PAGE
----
Bottom-Line: Argentina was compelled by market circumstances to forgo the previous strategy of gradual fiscal adjustment; and in the process lost valuable degrees of autonomy to manage and steer the adjustment. The authorities responded to rising market pressure decisively and in the classical way (higher rates and tighter fiscal policy) and a significant risk premium has been built into most Argentine financial assets.
The availability of US$36.2bn in IMF funds through end-2019 (conditional on successful program implementation and IMF Executive Board program review approvals) plus close to US$7bn (≈US$4.5bn net) in ex-IMF multilateral funding should allow the authorities to meet the Oct-18 through Dec-19 fiscal funding needs even under conservative partial debt-amortization roll-over assumptions.
Meanwhile, the economy is set for a major hit: Since the inception of the new monetary regime, short-term 7-day Leliq rates have been tracking consistently above 70%, and the ARS has traded on the strong side (trending towards the lower-limit of the no-intervention band). Inflation accelerated significantly in September (6.5% in the month with the annual rate surging to 40.5%) and inflation expectations have deteriorated further. Real activity data has been weak but the brunt of the sharp tightening of financial conditions on activity has yet to be felt. In all, Goldman summarizes that "the economy is traveling along a very volatile macro-financial path, with significant economic and social/political risks."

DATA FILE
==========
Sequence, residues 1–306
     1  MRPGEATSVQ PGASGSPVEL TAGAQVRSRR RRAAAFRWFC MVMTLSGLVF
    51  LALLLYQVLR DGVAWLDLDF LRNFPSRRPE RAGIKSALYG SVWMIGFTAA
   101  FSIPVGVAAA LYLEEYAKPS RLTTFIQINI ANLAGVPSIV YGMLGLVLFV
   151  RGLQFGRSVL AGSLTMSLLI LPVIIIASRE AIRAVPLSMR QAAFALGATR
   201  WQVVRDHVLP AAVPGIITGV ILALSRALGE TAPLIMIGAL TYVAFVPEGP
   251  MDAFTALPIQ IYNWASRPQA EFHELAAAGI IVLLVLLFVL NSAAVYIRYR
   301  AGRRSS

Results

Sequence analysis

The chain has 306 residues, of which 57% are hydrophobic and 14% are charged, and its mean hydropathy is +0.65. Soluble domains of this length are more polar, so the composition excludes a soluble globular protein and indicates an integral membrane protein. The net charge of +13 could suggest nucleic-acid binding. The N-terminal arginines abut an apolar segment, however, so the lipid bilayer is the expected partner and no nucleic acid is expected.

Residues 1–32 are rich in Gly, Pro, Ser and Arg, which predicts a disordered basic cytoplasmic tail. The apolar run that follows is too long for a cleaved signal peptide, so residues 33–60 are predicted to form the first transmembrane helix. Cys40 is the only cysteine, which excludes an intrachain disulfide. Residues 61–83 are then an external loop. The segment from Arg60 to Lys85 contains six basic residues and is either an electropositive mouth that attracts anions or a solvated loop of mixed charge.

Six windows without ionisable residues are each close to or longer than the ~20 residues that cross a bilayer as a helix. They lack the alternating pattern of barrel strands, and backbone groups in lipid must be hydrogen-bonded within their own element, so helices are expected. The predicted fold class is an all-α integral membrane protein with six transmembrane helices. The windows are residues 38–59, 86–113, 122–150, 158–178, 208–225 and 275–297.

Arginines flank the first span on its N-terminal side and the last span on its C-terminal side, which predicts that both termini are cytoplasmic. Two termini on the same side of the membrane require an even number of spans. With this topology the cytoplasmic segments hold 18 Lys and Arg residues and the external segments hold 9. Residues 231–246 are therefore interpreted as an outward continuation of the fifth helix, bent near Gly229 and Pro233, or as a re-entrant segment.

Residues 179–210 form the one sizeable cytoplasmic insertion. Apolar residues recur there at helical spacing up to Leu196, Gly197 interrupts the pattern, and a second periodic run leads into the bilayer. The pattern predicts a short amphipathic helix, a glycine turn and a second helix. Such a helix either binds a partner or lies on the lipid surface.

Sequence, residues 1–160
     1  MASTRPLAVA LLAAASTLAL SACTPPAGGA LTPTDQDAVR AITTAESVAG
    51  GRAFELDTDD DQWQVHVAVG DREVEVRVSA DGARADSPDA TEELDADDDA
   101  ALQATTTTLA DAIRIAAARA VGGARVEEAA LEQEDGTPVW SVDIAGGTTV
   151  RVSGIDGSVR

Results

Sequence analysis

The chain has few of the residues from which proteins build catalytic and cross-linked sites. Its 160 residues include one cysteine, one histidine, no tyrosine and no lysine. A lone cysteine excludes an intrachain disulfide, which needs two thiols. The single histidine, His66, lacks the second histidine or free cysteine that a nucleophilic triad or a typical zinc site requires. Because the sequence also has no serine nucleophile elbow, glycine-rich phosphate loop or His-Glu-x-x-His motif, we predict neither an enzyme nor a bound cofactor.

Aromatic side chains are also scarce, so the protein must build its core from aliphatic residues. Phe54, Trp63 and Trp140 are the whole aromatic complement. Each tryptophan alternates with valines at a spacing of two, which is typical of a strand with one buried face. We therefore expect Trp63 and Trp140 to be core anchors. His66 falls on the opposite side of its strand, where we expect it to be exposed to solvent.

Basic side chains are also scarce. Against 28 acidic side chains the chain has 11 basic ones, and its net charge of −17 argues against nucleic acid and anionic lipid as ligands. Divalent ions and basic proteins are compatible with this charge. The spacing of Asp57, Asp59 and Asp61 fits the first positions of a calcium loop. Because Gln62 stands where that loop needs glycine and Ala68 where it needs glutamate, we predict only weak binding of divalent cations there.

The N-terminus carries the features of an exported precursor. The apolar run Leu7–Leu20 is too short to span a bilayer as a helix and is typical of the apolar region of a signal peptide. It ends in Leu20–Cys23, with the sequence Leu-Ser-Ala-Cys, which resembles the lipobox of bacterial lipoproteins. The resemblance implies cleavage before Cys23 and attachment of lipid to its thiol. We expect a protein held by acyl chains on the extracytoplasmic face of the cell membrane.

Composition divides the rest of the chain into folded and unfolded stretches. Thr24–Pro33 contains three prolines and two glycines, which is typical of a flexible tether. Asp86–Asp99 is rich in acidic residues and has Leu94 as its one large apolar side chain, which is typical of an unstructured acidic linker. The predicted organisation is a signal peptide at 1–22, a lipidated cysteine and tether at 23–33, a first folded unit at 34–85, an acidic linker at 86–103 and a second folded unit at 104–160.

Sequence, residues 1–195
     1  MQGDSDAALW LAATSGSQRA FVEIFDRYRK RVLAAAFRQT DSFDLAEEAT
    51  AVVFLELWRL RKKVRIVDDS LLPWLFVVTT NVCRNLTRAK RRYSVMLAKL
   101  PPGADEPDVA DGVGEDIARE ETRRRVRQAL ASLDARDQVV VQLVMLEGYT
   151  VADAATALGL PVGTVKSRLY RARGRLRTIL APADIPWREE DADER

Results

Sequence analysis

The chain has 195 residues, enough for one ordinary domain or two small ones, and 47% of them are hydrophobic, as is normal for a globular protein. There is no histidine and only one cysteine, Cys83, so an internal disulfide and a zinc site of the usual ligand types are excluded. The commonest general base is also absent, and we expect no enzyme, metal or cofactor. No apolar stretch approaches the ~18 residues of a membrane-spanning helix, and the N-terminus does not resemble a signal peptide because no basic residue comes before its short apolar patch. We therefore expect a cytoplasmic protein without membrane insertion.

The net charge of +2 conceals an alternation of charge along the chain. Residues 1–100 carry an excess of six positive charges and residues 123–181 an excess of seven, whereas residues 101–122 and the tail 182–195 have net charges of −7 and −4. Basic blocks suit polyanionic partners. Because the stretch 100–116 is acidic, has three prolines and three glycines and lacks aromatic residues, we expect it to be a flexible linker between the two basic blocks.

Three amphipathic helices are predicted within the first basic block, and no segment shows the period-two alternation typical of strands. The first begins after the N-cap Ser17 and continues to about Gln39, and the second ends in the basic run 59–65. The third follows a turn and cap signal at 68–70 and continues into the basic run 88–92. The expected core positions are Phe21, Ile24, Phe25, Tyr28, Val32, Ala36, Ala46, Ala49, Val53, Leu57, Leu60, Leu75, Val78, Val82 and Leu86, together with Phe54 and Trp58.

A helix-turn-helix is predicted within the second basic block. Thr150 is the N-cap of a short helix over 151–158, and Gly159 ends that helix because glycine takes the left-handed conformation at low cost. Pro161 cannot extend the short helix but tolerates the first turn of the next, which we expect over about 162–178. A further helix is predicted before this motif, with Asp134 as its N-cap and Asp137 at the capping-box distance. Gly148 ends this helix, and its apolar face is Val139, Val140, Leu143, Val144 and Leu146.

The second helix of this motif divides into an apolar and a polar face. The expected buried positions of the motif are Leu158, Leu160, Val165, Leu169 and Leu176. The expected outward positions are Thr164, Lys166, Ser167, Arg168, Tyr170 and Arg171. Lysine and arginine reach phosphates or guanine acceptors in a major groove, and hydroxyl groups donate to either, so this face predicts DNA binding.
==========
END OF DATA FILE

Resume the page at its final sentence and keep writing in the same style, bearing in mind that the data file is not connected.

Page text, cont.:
Ultimately, the most immediate risk is that for the political career of president Mauricio Macri, which may be cut short in 2019 if the public response to the yet another IMF program is adverse (as discussed in Argentina's Catch 22: Why Doing The Right Thing Will Cost Macri The 2019 Election).
Macri's standing in the polls has dropped to all-time lows, with support for him falling to 31% in early September as Argentina fell into its second recession in three years. Every step that Macri has taken to shore up the economy has made him less popular and has given ammunition to his political opponents. Turning to the IMF for help has been seen as an especially unpopular move because many local believe that the country's last sovereign default was caused by the IMF. It's truly a lose/lose situation for Macri that has been reflected in his approval rating.
Overall, the challenge for the authorities is to stay the course and deliver unwaveringly on the fiscal commitments.